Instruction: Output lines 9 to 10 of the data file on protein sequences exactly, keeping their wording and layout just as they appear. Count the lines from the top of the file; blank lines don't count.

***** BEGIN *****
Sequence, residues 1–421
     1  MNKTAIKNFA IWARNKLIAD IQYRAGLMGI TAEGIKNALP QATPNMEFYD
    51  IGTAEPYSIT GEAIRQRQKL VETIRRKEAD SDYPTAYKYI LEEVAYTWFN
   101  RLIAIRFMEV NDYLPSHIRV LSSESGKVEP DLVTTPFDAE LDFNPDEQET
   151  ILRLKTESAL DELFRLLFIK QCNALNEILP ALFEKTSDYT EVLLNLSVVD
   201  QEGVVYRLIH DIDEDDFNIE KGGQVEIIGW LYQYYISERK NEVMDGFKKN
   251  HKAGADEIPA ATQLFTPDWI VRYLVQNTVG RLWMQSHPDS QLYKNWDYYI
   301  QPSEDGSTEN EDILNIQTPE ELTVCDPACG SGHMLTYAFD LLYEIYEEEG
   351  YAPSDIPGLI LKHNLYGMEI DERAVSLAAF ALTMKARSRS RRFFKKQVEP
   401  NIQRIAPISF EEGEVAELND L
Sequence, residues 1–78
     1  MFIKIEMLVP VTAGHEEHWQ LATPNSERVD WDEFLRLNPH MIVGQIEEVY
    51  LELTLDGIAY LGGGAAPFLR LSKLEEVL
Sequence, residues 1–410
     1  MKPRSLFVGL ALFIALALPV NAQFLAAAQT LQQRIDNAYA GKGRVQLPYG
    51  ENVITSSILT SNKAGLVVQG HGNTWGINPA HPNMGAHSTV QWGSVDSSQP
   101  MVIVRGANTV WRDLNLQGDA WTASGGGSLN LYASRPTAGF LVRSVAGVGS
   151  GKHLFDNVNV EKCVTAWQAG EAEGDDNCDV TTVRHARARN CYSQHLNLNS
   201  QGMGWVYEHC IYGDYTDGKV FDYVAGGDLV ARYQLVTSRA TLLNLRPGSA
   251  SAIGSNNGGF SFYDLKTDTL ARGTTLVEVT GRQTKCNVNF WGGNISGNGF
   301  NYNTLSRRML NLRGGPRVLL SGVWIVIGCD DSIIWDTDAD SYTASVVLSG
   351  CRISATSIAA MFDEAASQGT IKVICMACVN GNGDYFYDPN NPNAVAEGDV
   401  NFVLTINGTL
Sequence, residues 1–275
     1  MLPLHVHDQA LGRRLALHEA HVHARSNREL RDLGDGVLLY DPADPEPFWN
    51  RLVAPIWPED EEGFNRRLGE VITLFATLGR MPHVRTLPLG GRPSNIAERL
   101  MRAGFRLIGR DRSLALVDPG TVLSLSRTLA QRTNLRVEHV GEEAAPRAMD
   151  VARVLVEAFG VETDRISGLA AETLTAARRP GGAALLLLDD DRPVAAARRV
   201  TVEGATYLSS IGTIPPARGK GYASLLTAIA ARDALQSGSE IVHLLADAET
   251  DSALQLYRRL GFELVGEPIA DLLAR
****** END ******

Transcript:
   351  YAPSDIPGLI LKHNLYGMEI DERAVSLAAF ALTMKARSRS RRFFKKQVEP
   401  NIQRIAPISF EEGEVAELND L